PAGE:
The following VFAQ was created to help people replace their old, worn, or damaged belts. As always remember the lovely legal disclaimer that I do not accept any liability for yours or anyoneâ€™s actions who may follow any of my guides.
Maybe you don't know how old your belts are, or they are starting to show some cracking or abnormal wear, well it is a great idea to change them before it leaves you stranded. Mine didn't match and I didn't know how old they were so I went ahead and bought what I believe to be the best belt, Continental. While a person could live without a/c and power steering, there are two smaller belts which power the alternator and water pump which are critical!
Since the power steering belt is in front of all of the other belts let's start with that one first. I ended up loosening the tensioner and all three bolts. I had them nearly out to get it to cooperate, hopefully loosening all three (13mm) of them will be sufficient for you. It slides down and inward which allows that belt to come right off, this one was by far the easiest belt for me. No tricks required to put back together.
Next is the a/c compressor belt, this one was my most difficult belt to change. The problem I had was that it didn't seem to move enough to allow the other one to just slide off so I ended up undoing all three bolts which later became a problem with realigning them. This compressor also has a tensioner adjustable from the top, you just need a 10mm deep socket. It is a good idea to loosen all three bolts again, here they are out in the open so no big deal. It seems like they used 19mm sockets. In the end I ended up getting the belt on the pulley most of the way then turning the motor over, it seemed to work well.
Now that we have those two belts out of the way time for the alternator, only thing to be careful of here is to not break the tensioner bolt, as like all the other tensioners when you turn it clockwise it tightens the belt, counterclockwise loosens it. Mine was stuck and I ended up having to buy a new special bolt (~$15) for the tensioner. Remember to loosen all bolts(17mm) before changing tension. If you do not then you will either break the tensioner bolt or worse, the ears off of the alternator. Those belts came off very easily, the new ones were no sweat either. The only tip here for reassembley is that the tensioner should be turned a half turn after all the rest of the bolts are tightened. This small bind keeps everything in place. After these two rearmost belts are on you can go ahead and install the other two. I took the air cleaner out for more room, better pictures, but mainly because I was working on the front suspension at the same time. It is quite possible to do it without removing the cleaner but for the little effort required you may just as well remove it. If you're a real preventative maintenance nut perhaps now would be a good time to swap in a new voltage regulator pricing in at a whooping $13 for a generic one or mid $40s for the Bosch part. If the wear on your current brushes are uneven you may want to consider having the armature of the alternator turned.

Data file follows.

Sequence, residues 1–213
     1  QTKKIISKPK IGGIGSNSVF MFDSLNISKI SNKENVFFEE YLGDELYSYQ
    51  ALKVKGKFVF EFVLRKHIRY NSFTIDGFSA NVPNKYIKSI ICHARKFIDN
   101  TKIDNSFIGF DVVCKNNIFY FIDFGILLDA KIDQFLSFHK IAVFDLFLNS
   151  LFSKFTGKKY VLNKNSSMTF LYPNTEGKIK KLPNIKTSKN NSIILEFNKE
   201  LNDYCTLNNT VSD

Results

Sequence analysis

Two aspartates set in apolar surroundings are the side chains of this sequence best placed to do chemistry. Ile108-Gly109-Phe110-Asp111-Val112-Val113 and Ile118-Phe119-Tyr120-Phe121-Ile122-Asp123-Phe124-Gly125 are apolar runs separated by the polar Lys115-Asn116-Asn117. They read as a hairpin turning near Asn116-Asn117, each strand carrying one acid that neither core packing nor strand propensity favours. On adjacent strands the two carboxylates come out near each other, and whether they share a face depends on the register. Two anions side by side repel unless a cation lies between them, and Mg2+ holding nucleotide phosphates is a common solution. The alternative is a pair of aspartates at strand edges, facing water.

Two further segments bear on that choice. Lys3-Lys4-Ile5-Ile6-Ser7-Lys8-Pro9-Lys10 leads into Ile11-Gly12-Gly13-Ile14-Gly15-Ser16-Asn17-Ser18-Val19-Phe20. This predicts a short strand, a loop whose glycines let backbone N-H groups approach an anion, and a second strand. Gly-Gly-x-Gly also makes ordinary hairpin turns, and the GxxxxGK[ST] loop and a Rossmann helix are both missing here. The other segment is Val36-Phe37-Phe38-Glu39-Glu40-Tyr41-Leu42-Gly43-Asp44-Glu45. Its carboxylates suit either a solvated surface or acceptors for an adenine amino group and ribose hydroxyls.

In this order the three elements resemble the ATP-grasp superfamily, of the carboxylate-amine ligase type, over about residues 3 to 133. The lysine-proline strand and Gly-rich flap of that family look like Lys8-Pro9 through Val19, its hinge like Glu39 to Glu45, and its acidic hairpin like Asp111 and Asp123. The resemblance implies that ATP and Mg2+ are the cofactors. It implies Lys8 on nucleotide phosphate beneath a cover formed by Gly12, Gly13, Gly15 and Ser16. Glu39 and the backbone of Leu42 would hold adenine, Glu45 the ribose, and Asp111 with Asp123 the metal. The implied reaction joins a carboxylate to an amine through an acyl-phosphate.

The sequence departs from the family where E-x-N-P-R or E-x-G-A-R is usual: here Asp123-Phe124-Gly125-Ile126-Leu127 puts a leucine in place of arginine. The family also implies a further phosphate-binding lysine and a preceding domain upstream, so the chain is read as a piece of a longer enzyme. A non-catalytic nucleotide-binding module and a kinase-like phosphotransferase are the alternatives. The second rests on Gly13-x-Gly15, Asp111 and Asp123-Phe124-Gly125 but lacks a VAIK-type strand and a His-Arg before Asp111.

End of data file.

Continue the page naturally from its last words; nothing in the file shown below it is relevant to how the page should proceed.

After the alternator belts are on then put on the A/C belt and power steering belt. Tension to feel or use the Mercedes fancy gauge to determine the firmness. Remember to recheck them with your next oil change to make sure they haven't stretched too much.
2 Conti alternator belts
1 Conti A/C compressor belt
1 Conti Power Steering belt
1 Voltage Regulator (optional)
10mm socket with either long extension or screwdriver type handle
13mm, 17mm, 19mm sockets
13mm, 17mm, 19mm wrenchs
Flat head or phillips screwdriver for regulator (mine is flat, but I've seen phillips before)
Discuss this DIY here.